2018 Slovenian railway referendum

A referendum on a law governing the Divača-Koper rail upgrade was held in Slovenia on 13 May 2018. It followed the annulment of the results of a 2017 referendum on the same subject by the Supreme Court in March 2018. The result saw just 309 more votes cast against the law (50.06%) than in favour (49.94%). Voter turnout was even lower than in 2017, at around 15%, meaning that the requirement of 20% of the electorate casting a "no" vote to validate the referendum outcome was not met. As a result, the law remained in force.[1][2]

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On 8 May 2017, the National Assembly of Slovenia passed a law on with the construction of the second railway track from Koper to Divača, specifically regarding the financial plans for the project. The law was opposed by civil activist Vili Kovačič who, supported by several political parties and civil initiatives, called for a referendum to repeal the law. After collecting 40,000 voter signatures, the referendum was set for on 24 September 2017.[3] Although 53.47% of voters approved the law, the referendum was marked by a low turnout of 21%. The project was expected to open first public tenders for construction in 2018.[4]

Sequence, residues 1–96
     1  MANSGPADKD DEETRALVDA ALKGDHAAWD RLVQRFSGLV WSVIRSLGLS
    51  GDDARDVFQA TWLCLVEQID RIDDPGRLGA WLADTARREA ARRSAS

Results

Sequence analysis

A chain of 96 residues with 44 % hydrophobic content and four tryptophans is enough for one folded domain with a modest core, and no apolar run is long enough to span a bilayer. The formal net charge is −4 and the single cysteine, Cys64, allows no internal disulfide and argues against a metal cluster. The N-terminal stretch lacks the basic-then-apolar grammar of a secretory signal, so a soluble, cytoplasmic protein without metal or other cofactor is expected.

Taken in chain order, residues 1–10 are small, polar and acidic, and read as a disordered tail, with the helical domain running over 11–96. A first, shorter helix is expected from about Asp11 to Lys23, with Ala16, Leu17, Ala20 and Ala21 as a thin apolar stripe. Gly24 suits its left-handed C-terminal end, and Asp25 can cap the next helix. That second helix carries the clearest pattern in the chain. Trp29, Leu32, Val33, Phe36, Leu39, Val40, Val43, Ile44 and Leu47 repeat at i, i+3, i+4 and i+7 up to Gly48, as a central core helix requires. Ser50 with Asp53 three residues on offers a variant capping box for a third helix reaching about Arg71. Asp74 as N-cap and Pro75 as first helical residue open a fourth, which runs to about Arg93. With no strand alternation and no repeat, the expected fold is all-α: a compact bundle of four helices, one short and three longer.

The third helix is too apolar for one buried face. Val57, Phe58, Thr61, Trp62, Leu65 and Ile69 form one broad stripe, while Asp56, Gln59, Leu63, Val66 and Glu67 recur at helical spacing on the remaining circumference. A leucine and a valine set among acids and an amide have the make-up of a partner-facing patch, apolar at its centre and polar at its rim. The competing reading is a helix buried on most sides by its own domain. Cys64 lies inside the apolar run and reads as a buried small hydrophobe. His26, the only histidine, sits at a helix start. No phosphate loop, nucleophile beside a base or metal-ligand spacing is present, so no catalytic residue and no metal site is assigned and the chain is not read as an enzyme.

However, Kovačič contested the results in the Supreme Court, claiming that the law regulating referendums and civil initiatives were not compatible with the constitution, citing the fact that the government had used €97,000 of public funds on the campaign in support of the proposed law.[5] On 14 March 2018 Supreme Court delivered a judgement, annulling the results and ordered a new vote,[6] which was set for 13 May.

The railway link was the biggest project of the Cerar cabinet. On the same day as the Supreme Court decision, Cerar announced his resignation as Prime Minister,[7] leading to early elections being called on 3 June 2018.

The proponents of the referendum expressed a wish for it to be held together with the early general election, thus ensuring a higher voter turnout. However, the Supreme Court backed the decision of the National Election Committee to hold the election and the referendum on separate dates.[8]


Choice Votes %
Invalid/blank votes2,203
Registered voters/turnout1,712,68615.01
Source: Volitve


In first reaction, Vili Kovačič, who initiated the referendum, announced he was again planning to contest the result at the Constitutional court. Miro Cerar, the acting Prime Minister, and Peter Gašperšič, the acting Minister for Infrastructure, expressed their satisfaction with the outcome, stating that they expect the project to continue soon. Cerar further blamed Kovačič and Janez Janša for essentially holding the country hostage and delaying the project for a year.[1]


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